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Social Engineering | October Cybersecurity Awareness Month

Since it’s Cybersecurity month, we have spent some time discussing the different types of phishing scams and how to use multi-factor authentication. This week let’s dive into the faces behind these cyber-attacks…Social Engineers.

A social engineer tries to manipulate, influence, and deceive someone with the intent to gain access to their systems and sensitive information. Social engineering can happen through a variety of different methods. Whether it is the phone, email, or snail mail, if it is a communication method, a social engineer will try to exploit it!  These engineers are often referred to as hackers, cybercrime mafia, or cybercriminals.

There are a few ways to spot a social engineering attack.

  • The message is unexpected– While this seems like an intuitive sign, cybercriminals are clever and attempt to disguise themselves within communications you would assume to be expected. Some of the ways we see this are emails that appear to be from banks, escrow companies, health care clinics, or even your social media platforms. Aside from checking the email address, graphics, and links, you can weed out potentially harmful communications by asking if this message is expected. Most likely if you were not expecting the message, it is not a legitimate sender. We recommend reaching out to the institution or platform you suspect the message could be from directly before engaging with a suspicious message.
  • The sender asks for something out of the ordinary-One the ways we see this is through messages that appear to be coworkers or supervisors. These messages sometimes ask the recipient to buy or do something they ordinarily wouldn’t make sense or have never done before. This can be another hint that a social engineer is attacking you. For situations like this, we recommend not engaging with the message, instead reach out to whomever the message appears to be from through an alternate channel.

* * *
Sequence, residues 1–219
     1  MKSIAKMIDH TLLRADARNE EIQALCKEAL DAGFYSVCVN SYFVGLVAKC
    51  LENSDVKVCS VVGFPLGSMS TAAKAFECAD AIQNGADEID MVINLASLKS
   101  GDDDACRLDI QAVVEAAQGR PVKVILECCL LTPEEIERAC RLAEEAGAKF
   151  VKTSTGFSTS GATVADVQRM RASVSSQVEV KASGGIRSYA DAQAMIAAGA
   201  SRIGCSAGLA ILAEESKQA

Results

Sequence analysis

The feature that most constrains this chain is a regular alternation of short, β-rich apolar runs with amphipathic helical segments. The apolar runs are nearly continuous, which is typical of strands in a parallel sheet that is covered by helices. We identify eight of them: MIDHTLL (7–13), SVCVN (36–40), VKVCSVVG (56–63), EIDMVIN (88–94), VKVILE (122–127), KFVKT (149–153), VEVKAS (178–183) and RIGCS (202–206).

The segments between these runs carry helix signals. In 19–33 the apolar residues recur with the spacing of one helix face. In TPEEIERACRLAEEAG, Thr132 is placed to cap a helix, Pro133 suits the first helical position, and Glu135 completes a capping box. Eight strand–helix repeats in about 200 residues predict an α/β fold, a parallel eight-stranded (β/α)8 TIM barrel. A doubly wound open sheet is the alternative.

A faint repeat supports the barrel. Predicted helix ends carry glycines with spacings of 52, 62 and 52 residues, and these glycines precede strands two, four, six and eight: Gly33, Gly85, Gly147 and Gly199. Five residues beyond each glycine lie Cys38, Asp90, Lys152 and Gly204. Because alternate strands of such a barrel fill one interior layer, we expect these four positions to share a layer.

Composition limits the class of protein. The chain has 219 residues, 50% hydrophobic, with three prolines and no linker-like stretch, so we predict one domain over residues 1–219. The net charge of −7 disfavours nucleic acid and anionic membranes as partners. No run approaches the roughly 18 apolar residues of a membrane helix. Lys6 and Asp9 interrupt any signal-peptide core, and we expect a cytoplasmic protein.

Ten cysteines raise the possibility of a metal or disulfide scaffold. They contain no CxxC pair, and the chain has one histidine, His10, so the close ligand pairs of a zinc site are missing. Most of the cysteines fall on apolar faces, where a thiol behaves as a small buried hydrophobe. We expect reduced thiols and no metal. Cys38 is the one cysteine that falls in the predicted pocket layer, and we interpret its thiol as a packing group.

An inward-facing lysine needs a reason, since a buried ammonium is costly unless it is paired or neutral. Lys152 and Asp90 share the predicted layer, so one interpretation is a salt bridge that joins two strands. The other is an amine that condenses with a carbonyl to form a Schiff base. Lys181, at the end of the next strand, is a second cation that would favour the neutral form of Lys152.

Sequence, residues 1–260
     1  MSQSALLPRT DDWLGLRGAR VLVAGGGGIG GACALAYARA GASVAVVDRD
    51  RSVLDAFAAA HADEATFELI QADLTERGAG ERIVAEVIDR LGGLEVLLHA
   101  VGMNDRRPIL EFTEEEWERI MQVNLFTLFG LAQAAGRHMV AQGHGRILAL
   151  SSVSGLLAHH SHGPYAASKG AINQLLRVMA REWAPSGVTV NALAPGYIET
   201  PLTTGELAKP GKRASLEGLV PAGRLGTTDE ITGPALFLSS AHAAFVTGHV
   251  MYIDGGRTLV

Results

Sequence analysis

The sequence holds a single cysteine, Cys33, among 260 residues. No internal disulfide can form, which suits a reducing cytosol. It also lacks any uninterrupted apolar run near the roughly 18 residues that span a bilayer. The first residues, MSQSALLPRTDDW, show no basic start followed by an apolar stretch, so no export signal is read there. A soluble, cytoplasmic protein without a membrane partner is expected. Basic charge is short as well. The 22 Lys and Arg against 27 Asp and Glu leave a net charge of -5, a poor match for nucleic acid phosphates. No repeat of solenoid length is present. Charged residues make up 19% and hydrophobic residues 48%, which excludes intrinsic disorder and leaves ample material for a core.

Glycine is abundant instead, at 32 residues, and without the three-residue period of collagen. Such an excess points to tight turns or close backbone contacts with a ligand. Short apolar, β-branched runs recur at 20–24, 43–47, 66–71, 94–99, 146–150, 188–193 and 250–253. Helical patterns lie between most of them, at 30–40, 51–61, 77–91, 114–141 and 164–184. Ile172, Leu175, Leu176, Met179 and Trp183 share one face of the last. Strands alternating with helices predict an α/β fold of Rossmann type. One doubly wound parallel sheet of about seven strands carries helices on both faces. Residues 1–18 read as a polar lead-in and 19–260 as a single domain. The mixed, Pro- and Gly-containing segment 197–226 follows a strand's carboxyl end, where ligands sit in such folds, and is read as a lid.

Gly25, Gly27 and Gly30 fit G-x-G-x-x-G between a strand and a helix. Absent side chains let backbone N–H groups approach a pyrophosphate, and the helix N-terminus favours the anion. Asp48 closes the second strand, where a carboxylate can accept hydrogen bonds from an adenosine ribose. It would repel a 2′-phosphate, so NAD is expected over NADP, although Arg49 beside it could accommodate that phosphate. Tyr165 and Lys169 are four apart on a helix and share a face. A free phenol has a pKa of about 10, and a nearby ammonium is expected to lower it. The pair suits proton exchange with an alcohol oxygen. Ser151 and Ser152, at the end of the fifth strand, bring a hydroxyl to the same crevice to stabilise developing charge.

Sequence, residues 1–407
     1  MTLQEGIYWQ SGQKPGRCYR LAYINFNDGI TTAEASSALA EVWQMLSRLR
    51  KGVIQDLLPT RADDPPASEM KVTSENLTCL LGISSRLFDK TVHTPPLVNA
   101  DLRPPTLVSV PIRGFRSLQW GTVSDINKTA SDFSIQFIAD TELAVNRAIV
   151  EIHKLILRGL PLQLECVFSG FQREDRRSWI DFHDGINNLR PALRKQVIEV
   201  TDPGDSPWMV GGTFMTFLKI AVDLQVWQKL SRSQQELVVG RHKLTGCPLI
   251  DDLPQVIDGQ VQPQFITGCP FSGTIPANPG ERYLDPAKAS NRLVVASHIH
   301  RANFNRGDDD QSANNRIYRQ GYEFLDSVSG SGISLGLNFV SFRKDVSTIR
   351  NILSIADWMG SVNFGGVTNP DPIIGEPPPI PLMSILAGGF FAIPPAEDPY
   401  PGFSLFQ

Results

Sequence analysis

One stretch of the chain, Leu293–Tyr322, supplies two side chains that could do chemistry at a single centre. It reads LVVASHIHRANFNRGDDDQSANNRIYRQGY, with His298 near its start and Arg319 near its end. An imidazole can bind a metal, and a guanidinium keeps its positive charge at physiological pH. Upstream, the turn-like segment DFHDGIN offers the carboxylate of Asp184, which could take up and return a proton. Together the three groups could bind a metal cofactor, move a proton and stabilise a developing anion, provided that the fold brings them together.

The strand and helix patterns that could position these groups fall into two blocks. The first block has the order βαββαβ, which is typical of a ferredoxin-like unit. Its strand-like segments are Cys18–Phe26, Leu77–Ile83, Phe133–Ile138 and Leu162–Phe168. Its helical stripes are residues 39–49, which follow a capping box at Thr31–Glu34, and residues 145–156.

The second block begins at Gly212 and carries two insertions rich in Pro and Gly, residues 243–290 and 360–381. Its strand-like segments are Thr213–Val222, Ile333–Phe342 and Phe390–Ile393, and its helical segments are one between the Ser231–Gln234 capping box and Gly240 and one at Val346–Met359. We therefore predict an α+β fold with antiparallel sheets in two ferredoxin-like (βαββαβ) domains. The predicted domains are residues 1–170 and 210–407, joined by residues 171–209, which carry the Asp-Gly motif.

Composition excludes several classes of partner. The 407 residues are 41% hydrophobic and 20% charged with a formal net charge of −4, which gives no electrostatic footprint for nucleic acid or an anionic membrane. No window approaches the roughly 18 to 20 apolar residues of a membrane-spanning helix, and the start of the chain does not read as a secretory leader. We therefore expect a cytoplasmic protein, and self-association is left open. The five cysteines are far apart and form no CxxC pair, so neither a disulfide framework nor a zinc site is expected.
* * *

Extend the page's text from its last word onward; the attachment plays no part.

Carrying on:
• The requested action is potentially harmful-This is like asking for something out of the ordinary. Be sure to evaluate the request. If it is something that could be potentially harmful to you or the organization you are associated with, you may want to flag this as an attack and verify the request in another way.
  • The attacker attaches an unusual file or URL- This was addressed in our phishing scam discussion- check all links and files before clicking on them! When in doubt don’t engage and report the message as suspicious.
  • There is a sense of urgency– A clear indication that a message may be fraudulent is an unrealistic sense of urgency. These messages look like, passwords that must be reset within hours of seeing the message, or perhaps the message will say something about your accounts being compromised and needing to secure them ASAP. When you see these types of messages take a moment and pause. Think about whom the sender appears to be and ask yourself if the timeframe and request seem legitimate. Be sure to follow up with whom you think the sender might be via another known contact route.

You are the most effective defense against social engineering.  The best way to keep your information and systems safe is by being diligent. By being aware of the messages you interact with and watching for a suspicious activity you can help keep those social engineering attacks from succeeding. Are you prepared and safe against cybersecurity threats? Call us today! We would love to help you!

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